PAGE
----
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Suyash Sushilkumar Shah vs State Of Gujarat on 22 February, 2024

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Gujarat High Court

Suyash Sushilkumar Shah vs State Of Gujarat on 22 February, 2024

NEUTRAL CITATION

R/CR.MA/3520/2024 ORDER DATED: 22/02/2024

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IN THE HIGH COURT OF GUJARAT AT AHMEDABAD
R/CRIMINAL MISC.APPLICATION (FOR QUASHING SET ASIDE
FIR/ORDER) NO. 3520 of 2024
With
R/SPECIAL CRIMINAL APPLICATION NO. 8966 of 2023

SUYASH SUSHILKUMAR SHAH
Versus
STATE OF GUJARAT ANR.

Appearance:
ANURAG R RATHOR(9315) for the Applicant(s) No. 1
for the Respondent(s) No. 2
MR HARDIK MEHTA, APP for the Respondent(s) No. 1

CORAM:HONOURABLE MR. JUSTICE HASMUKH D. SUTHAR

Date : 22/02/2024

COMMON ORAL ORDER

1. Learned advocate Mr.V.K. Bhatia states that he has
instructions to appear on behalf of the original complainant and
thereby, seeks permission to file his Vakalatnama, which is
granted.

2. RULE. Learned advocates waive service of notice of rule on
behalf of the respective respondents.

3. Considering the facts and circumstances of the case and
since it is jointly stated at the bar by learned advocates on both
the sides that the dispute between the parties has been resolved
amicably, this matter is taken up for final disposal forthwith.

4. By way of this application under Section 482 of the Code of
Criminal Procedure, 1973 (hereinafter referred to as “
Cr.P.C.”),

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NEUTRAL CITATION

R/CR.MA/3520/2024 ORDER DATED: 22/02/2024

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the applicant/s have prayed to quash and set aside the complaint
being FIR being CR No.11192036230005 of 2023 registered
with Mahila Police Station, Ahmedabad Rural, for the offences
under
Sections 498(A), 323, 506(2), 504 and 114 of the IPC and
Section 3 and 7 of the Dowry Prohibition Act, Criminal Case
No.258 of 2024 and all the consequential proceedings arising
therefrom.

5. Going through the compilation of the petition, it appears
that complain is filed at the instance of respondent No.2. In the
petition being Criminal Misc. Application No.3520 of 2024, the
present applicant is husband and in the petition being Special
Criminal Application No.8966 of 2023, applicant Nos.1 and 2 are
the father-in-law and mother-in-law respectively and the
complainant are same in both the matters. In the said matter, ad-
interim relief has already been granted in favour of mother-in-
law and father-in-law vide order dated 25.07.2023. It appears
that marriage was solemnized between applicant-husband and
respondent No.2 on 29.01.2015 as per Hindu Rites and Rituals.
It is alleged that petitioner and his family members were
harassing the complainant. It appears that marriage of the
petitioner husband and respondent No.2 has been dissolved and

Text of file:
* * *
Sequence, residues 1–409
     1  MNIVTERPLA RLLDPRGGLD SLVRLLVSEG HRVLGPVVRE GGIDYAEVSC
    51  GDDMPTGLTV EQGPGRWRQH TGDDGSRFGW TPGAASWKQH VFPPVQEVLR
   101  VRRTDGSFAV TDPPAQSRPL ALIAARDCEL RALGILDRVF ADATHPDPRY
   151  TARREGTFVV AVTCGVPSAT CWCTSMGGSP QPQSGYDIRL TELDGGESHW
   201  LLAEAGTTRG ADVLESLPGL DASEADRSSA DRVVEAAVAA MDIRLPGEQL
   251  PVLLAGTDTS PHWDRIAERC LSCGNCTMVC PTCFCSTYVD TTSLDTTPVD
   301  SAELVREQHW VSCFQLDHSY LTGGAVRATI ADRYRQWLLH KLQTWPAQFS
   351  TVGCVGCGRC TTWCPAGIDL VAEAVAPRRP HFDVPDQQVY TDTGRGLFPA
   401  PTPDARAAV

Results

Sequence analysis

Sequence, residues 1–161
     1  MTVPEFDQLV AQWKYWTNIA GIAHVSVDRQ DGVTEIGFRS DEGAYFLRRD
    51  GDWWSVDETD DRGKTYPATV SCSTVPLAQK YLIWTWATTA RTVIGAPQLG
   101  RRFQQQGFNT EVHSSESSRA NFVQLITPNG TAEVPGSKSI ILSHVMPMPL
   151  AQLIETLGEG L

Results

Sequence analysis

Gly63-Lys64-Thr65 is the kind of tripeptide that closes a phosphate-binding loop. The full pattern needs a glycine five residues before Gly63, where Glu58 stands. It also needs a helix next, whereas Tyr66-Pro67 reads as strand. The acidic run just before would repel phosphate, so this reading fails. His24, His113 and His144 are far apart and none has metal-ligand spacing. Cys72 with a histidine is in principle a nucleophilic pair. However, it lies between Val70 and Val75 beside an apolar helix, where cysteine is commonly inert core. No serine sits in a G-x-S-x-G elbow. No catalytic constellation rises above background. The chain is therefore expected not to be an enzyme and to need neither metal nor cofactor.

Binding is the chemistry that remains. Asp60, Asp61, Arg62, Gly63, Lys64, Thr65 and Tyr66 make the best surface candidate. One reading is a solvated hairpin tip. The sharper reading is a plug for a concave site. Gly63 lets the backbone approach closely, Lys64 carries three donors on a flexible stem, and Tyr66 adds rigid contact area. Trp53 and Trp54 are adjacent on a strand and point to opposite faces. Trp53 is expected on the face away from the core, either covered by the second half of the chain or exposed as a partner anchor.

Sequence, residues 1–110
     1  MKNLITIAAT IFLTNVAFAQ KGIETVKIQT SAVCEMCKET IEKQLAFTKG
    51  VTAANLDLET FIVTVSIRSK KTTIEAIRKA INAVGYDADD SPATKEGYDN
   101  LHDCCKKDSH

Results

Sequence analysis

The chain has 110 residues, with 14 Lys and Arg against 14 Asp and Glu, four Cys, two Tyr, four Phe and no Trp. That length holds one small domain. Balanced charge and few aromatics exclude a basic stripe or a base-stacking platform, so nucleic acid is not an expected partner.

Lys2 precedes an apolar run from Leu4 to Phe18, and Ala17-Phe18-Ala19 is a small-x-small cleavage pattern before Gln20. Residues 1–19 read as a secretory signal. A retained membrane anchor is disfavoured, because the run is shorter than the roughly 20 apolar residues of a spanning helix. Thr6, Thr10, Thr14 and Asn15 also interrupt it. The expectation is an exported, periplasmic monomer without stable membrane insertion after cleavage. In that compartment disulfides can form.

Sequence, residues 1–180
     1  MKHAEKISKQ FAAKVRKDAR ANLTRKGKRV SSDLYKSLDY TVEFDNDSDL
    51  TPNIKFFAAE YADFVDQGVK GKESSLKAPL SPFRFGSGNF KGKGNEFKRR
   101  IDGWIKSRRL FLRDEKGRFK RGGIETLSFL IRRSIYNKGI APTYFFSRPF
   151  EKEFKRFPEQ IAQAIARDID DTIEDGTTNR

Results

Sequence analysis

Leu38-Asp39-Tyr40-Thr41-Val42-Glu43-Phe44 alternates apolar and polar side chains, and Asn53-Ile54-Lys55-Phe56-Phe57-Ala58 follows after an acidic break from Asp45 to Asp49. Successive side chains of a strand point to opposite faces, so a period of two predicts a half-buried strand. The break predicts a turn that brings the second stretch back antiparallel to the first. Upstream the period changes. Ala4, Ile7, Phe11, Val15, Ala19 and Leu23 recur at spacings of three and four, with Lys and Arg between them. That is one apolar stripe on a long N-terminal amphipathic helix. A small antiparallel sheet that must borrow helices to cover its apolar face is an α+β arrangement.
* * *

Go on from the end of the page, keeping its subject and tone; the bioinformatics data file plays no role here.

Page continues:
now they have chosen their own way. It appears that allegations
are general in nature and now dispute is settled between the
parties. In view of above, the present application be allowed.

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NEUTRAL CITATION

R/CR.MA/3520/2024 ORDER DATED: 22/02/2024

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6. Learned advocates for the respective parties submitted
that during the pendency of proceedings, the parties have
settled the dispute amicably and pursuant to such mutual
settlement, the original complainant has also filed an Affidavit,
which is taken / placed on record. In the Affidavit, the original
complainant has categorically stated that the dispute with the
applicant/s has been resolved amicably and that he has no
objection, if the present proceedings are quashed and set aside
since there is no surviving grievance between them.

7. Having heard learned advocates for the respective parties
and considered the material available on record, in the complaint,
it is alleged that petitioner Husband along with his family
members have mentally and physically harassed the complainant.
It appears that petitioners are facing charge of
Section 498A of
IPC. Therefore, as per the allegations made in the complaint,
ingredient of Section 498A is made out. In this regard, it would be
apposite to refer the decisions of the Apex Court in case of
Abhishek vs. State of Madhya Pradesh reported in
2023INSC779 / (Criminal Appeal No. 1457 of 2015) and in case
of
Preeti Gupta and another vs. State of Jharkhand and
another [(2010) 7 SCC 667], it is observed that “this Court noted
that the tendency to implicate the husband and all his immediate
relations is also not uncommon in complaints filed under
Section
498A IPC. It was observed that the Courts have to be extremely
careful and cautious in dealing with these complaints and must
take pragmatic realities into consideration while dealing with

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R/CR.MA/3520/2024 ORDER DATED: 22/02/2024

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matrimonial cases, as allegations of harassment by husband’s close
relations, who were living in different cities and never visited or
rarely visited the place where the complainant resided, would add
an entirely different complexion and such allegations would have
to be scrutinised with great care and circumspection”

7.1. So far as offence under Sections 504 and 506(2) of IPC are
concerned, the learned Apex Court in the case of
Mohammad
Wajid and Anr. v. State of U.P. and Ors., reported in 2023
LiveLaw (SC) 624: 2023 INSC 683, has held that:

Indian Penal Code, 1860; Section 504 – Mere abuse,
discourtesy, rudeness or insolence, may not amount
to an intentional insult within the meaning of
Section 504, IPC if it does not have the necessary
element of being likely to incite the person insulted
to commit a breach of the peace of an offence and
the other element of the accused intending to
provoke the person insulted to commit a breach of
the peace or knowing that the person insulted is
likely to commit a breach of the peace. Each case of
abusive language shall have to be decided in the
light of the facts and circumstances of that case and
there cannot be a general proposition that no one
commits an offence under
Section 504, IPC if he
merely uses abusive language against the
complainant – In judging whether particular abusive
language is attracted by
Section 504, IPC, the court
has to find out what, in the ordinary circumstances,
would be the effect of the abusive language used
and not what the complainant actually did as a
result of his peculiar idiosyncrasy or cool